"I get to L.A., and I've got the presidential suite," he said, "and it all came at once. … And it was too much. I realized, 'OK, I got it, God. I got it. I got it. This will not work. It is not gonna make me happy.' … The only thing that's gonna make me happy is the joy that's on the inside of me."
Research suggests that Reverend Run and Russell Simmons are right. A survey of 49 of the Forbes richest found that they weren't any happier than the rest of us.
Money magazine columnist Jean Chatsky polled 1,500 people for her book "You Don't Have to Be Rich" and found that more money makes people significantly happier only if their family income's below $30,000, but by $50,000, money makes no difference.
"Once you get to that $50,000 level, more money doesn't buy more happiness," she said.
Happiness researchers agree with Simmons and Chatsky: Purposeful work is what makes people happy. And finding religion. And family.
Republicans always trot out the slogan that they oppose big government and want to shrink the federal payroll. President Bush tells us that "big government is not the answer."
President Reagan told us, "Our government is too big and it spends too much."
But for more than 75 years, no Republican administration has cut the size of government. Since George W. Bush became president, government spending has risen nearly 25 percent.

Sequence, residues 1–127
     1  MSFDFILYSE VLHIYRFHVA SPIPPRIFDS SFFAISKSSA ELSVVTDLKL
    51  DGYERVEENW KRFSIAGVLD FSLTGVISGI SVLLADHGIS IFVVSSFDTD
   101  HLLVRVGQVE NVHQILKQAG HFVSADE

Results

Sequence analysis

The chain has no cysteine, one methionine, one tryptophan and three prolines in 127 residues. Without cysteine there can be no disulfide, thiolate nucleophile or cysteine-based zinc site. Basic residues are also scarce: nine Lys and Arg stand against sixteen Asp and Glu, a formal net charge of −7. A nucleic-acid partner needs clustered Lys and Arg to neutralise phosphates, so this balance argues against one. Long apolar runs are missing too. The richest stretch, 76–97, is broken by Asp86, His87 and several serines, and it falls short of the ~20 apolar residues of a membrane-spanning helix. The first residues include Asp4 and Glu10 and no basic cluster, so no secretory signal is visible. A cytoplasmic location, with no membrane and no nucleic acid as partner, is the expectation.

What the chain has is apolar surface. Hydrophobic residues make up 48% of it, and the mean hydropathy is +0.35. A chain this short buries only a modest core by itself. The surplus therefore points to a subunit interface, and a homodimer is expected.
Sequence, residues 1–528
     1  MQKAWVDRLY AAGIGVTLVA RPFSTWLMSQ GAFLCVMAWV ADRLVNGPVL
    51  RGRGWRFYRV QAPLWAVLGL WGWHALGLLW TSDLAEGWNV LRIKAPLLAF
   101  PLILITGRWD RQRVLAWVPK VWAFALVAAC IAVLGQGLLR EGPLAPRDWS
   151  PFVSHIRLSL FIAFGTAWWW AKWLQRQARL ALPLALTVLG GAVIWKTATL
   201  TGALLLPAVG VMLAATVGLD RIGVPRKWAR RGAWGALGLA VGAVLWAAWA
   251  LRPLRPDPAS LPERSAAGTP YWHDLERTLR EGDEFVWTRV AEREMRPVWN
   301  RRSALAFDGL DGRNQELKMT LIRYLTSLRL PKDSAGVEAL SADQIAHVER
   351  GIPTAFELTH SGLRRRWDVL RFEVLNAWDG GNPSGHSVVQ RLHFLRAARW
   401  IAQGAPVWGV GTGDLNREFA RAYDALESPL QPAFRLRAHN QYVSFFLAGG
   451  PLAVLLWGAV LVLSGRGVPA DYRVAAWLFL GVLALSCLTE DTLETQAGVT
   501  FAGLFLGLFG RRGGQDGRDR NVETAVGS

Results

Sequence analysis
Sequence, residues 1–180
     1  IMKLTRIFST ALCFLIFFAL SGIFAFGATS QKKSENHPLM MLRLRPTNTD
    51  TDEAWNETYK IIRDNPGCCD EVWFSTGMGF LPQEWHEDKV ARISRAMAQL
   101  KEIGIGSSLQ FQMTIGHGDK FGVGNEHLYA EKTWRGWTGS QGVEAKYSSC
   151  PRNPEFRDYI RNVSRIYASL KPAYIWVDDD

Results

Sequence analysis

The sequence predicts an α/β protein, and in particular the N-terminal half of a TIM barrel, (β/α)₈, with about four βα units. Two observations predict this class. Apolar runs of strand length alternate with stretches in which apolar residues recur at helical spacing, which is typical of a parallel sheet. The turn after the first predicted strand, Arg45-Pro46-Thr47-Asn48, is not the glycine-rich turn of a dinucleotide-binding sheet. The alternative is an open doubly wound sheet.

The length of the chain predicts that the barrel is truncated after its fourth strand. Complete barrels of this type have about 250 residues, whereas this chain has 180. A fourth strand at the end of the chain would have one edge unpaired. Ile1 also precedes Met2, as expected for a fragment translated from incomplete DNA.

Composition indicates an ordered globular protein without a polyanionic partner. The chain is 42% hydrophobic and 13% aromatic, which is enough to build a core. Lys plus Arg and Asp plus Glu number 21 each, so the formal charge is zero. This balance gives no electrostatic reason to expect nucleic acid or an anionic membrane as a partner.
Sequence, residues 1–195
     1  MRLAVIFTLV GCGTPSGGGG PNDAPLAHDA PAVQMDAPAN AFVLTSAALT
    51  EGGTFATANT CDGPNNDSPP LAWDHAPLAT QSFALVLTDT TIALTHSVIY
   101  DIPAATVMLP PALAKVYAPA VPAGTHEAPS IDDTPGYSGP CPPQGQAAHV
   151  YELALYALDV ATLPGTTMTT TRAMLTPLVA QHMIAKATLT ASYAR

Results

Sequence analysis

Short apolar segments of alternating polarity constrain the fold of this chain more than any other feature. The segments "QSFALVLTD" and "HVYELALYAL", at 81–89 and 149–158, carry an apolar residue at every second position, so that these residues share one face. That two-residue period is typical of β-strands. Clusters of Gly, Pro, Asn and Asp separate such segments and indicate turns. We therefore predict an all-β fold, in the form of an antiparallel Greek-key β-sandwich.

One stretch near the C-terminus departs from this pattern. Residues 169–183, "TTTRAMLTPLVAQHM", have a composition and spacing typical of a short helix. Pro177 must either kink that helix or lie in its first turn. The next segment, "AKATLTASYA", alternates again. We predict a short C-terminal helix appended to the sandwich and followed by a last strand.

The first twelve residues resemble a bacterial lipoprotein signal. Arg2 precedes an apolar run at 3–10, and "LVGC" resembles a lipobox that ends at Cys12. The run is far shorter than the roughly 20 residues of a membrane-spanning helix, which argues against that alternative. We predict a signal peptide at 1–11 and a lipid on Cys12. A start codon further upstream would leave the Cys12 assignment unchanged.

And the spending increase isn't just tied to the war on terrorism. The Office of Management and Budget says spending at the Environmental Protection Agency is up 12 percent; it's up 14 percent at the Agriculture Department, 30 percent at the Department of the Interior; 64 percent at the Department of Labor, and 70 percent at the Department of Education.
And the pork keeps pouring out. Even the Peanut Festival in Dothan, Ala., got $200,000.
Alabama congressman Terry Everett, a Republican, got them the money. He wouldn't talk to us about it, but the locals said they like getting your money. "I think it's a waste of money, but if they're going to waste money, I guess it's better to waste it here than anywhere else," one man told me.
Economist Stephen Moore, a Republican, says, "We fought a war against big government and you know what? Big government won."
He noted, "You look at what's happened to the government in the 10 years since the Republicans took control of Congress, the government is twice as big."
We've heard protests about this for decades: News articles warn of "the population bomb," and "a tidal wave of humanity," and plead: No more babies.
The world population today is more than 6 billion. It seems like so many people. But who says it's "too many?"
There are lots of problems all over the world caused by too many people
But there's no space problem. Our planet is huge. In fact we could take the entire world population and move everyone to the state of Texas, and the population density there would still be less than that of New York City.
But, you might wonder, won't we run out of resources, like food?
Paul Ehrlich wrote the book "Population Bomb," and warned 65 million Americans would starve in a "Great Die Off" in the 1980s. The 1973 movie "Soylent Green" predicted food riots would erupt in the year 2022 but it doesn't look like that will happen.